Beware! What if your phone gets lost?

Nomophobia is the extreme fear of being without your phone. It’s no fun. We are so much engrossed, involved and dependent on our mobile, that such situations are very obvious. Especially with physical symptoms such as rapid heartbeat and chest tightness. Of course, plenty of people without nomophobia still get queasy at the prospect of losing their phone.

Actually, these mobile devices are extensions of ourselves, and we feel their absences keenly. They also contain a wealth of personal data. What if that data falls into the wrong hands? That alone is reason to feel anxious.

There are a lot of protective measures we need to follow to protect our mobile and its precious data:

1. Create a strong passcode, complicated pattern, eye scanner (retina recognition) or finger touch for your phone opening.

2. Add a PIN to your SIM card to protect it. The only way to protect the information on your SIM card is through the SIM PIN. One can enter the wrong PIN for your SIM card only three times, after which the SIM stops working and one lose access to your mobile network.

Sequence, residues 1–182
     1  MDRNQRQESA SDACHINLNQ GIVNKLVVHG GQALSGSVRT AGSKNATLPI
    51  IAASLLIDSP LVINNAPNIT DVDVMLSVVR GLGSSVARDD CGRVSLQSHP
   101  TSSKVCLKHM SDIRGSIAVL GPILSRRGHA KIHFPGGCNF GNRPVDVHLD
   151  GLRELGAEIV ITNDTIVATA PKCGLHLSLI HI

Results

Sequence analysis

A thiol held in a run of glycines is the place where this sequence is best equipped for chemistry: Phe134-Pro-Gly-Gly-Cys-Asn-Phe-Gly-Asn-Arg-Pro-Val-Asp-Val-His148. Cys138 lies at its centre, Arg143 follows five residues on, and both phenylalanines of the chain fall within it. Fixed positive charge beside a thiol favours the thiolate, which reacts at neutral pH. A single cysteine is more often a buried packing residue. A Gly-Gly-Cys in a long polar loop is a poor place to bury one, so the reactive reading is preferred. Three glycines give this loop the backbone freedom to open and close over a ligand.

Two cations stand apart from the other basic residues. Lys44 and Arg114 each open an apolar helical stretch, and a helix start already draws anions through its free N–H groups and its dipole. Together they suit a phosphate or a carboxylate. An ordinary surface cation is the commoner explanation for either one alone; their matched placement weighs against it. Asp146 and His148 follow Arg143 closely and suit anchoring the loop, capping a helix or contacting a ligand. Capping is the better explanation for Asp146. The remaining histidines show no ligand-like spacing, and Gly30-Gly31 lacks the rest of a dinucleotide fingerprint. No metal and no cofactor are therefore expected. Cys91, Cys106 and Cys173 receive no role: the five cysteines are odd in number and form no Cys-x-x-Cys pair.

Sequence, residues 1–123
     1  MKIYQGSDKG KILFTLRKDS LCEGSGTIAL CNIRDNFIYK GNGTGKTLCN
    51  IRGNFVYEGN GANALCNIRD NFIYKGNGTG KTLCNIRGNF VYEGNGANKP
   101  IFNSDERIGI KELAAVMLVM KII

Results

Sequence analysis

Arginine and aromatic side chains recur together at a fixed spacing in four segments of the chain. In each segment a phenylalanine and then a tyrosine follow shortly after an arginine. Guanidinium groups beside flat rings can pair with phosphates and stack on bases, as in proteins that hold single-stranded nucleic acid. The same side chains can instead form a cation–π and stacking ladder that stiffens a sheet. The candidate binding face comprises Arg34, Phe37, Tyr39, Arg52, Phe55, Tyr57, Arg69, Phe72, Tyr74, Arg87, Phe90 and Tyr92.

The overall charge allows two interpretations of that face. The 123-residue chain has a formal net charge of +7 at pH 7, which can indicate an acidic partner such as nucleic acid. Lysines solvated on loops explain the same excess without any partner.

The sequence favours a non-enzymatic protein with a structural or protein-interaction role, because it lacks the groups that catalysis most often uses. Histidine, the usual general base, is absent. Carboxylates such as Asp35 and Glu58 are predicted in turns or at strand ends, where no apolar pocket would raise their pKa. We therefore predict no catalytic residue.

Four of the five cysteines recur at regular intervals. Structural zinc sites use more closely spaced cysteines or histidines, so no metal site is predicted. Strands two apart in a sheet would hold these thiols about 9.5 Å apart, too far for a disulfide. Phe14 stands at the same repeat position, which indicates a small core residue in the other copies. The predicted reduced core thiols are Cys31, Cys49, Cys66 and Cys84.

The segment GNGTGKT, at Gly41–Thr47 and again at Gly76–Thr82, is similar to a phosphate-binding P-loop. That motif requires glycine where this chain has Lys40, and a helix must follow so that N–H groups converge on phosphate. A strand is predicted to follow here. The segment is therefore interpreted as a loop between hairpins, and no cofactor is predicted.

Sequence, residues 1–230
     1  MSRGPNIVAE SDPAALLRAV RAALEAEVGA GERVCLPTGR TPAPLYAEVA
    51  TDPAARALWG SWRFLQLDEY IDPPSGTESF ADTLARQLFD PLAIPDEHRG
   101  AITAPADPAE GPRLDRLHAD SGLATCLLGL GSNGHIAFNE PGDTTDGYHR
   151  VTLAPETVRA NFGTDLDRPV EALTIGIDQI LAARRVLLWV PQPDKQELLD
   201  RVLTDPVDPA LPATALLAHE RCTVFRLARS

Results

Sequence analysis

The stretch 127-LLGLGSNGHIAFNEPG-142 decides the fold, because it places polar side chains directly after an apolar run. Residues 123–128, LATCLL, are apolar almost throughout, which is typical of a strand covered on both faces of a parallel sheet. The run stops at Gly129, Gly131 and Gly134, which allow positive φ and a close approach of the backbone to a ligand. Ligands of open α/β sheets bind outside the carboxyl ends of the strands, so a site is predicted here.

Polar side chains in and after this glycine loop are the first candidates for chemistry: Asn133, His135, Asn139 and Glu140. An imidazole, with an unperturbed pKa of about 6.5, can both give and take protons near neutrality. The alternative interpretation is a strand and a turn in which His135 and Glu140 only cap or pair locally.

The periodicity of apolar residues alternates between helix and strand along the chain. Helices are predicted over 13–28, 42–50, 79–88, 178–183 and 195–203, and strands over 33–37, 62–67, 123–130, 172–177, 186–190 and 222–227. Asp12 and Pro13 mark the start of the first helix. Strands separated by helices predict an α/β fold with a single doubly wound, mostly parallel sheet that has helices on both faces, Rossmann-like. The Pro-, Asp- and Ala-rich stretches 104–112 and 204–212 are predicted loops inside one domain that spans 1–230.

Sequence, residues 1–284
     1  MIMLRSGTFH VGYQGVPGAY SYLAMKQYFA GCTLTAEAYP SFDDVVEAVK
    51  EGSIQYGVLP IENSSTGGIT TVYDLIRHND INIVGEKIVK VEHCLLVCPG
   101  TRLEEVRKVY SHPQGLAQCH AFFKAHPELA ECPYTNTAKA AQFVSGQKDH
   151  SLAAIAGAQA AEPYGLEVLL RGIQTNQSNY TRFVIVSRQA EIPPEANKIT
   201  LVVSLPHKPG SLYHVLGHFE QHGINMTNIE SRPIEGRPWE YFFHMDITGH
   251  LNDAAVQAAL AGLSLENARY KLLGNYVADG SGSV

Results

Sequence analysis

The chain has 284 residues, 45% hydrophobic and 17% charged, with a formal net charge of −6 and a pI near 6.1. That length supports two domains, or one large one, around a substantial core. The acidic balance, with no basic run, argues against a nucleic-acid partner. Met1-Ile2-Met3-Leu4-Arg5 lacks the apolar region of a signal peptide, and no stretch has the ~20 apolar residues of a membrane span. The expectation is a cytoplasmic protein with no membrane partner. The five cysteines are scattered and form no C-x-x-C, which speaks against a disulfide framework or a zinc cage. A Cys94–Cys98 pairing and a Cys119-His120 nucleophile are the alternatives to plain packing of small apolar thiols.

3. Google Map can also help when your phone is lost. After logging your Gmail account, you can track mobile location.

4. Always download Anti-Theft App on your mobile. Anti-theft alarm makes your device inoperable to the thief even after he restarts the phone or kills the app. The alarm continues to ring until the right password is entered. There are a lot of such apps in the market.

5. Few Apps give “Remove Access” option. Do that the moment you realize your mobile is lost.

6. Few apps are authorized with an App password; we recommend revoking its App Password so that no one can access your Google Account from that device.


Take immediate steps to find your device once you realize it is missing. Mark it as lost, and if necessary, erase the data on it. Protect your personal data in real time. If you can’t find your device and it contains, say, credit card numbers, cancel these cards. Change your email passwords along with passwords for important apps/websites such as banks and credit cards. Remove the phone as a trusted device for multi-factor authentication. The best practice is to perform frequent data backups of your mobile.

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